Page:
UNITED STATES of America, Plaintiff–Appellee, v. Raul VIVAS–CEJA, Defendant–Appellant.
Raul Vivas–Ceja pleaded guilty to illegally reentering the United States after removal, the maximum sentence for which is raised to 20 years if thehas been convicted of an “aggravated felony” prior to removal. See 8 U.S.C. § 1326(b)(2). As relevant here, the definition of “aggravated felony” is supplied by the definition of “crime of violence” in 18 U.S.C. § 16(b), which includes “any ․ offense that is a felony and that, by its nature, involves a substantial risk that physical force against the person or property of another may be used in the course of committing the offense.”
The district court concluded that Vivas–Ceja's Wisconsin conviction for fleeing an officer was a crime of violence under § 16(b), raising the maximum sentence to 20 years. The court imposed a sentence of 21 months. Vivas–Ceja appeals, arguing that § 16(b)'s definition of “crime of violence” is unconstitutionally vague in light of Johnson v. United States, –––U.S. ––––, 135 S.Ct. 2551, 192 L.Ed.2d 569 (2015).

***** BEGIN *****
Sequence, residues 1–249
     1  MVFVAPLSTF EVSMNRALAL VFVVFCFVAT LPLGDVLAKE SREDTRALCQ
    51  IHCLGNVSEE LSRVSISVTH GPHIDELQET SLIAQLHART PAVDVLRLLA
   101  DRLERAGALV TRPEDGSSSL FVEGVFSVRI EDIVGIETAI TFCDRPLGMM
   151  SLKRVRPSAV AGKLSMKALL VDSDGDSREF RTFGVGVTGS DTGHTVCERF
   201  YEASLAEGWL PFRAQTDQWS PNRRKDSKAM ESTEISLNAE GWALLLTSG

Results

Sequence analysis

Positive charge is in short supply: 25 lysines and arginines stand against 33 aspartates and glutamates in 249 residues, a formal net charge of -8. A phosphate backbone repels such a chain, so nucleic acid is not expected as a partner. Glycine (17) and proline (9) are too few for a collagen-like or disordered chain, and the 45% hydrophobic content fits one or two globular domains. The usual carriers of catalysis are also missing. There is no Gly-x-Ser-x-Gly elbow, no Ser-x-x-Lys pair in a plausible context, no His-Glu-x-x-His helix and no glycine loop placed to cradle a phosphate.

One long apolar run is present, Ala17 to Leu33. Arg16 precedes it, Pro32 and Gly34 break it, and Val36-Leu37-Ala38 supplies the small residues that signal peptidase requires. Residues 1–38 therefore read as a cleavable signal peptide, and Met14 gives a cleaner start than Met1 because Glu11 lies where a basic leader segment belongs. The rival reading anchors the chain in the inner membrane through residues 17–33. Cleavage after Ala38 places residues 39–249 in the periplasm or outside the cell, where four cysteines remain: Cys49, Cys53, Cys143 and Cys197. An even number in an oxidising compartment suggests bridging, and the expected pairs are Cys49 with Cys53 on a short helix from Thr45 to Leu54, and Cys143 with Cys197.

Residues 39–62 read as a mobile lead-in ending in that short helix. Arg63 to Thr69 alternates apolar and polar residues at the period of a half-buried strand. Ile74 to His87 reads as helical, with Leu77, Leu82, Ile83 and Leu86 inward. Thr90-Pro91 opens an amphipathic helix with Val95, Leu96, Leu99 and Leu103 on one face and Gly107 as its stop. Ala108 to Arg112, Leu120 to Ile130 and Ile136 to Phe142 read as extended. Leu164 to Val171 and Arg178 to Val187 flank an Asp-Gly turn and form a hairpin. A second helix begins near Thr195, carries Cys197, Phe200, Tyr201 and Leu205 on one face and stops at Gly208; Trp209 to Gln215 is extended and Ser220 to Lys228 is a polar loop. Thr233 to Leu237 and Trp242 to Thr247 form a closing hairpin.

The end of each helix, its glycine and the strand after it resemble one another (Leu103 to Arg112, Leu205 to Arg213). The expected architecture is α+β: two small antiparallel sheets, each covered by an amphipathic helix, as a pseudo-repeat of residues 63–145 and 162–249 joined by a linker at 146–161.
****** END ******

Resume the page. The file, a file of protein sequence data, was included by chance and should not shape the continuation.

The Fifth Amendment's Due Process Clause prohibits the government from depriving a person of liberty under a statute “so vague that it fails to give ordinary people fair notice ․ or so standardless that it invites arbitrary enforcement.” Id. at 2556. In Johnson the Supreme Court held that sentencing a defendant under the so-called “residual clause” of the Armed Career Criminal Act (“ACCA”), 18 U.S.C. § 924(e)(2)(B)(ii), violates this prohibition. Section 16(b) is materially indistinguishable from the ACCA's residual clause. We hold that it too is unconstitutionally vague according to the reasoning of Johnson. We therefore vacate Vivas–Ceja's sentence and remand for resentencing.
Raul Vivas–Ceja is a citizen of Mexico and has been removed from the United States on three occasions. On September 22, 2013, he was arrested at an airport in Madison, Wisconsin, for illegally reentering the country. He pleaded guilty to illegal reentry after removal in violation of 8 U.S.C. § 1326.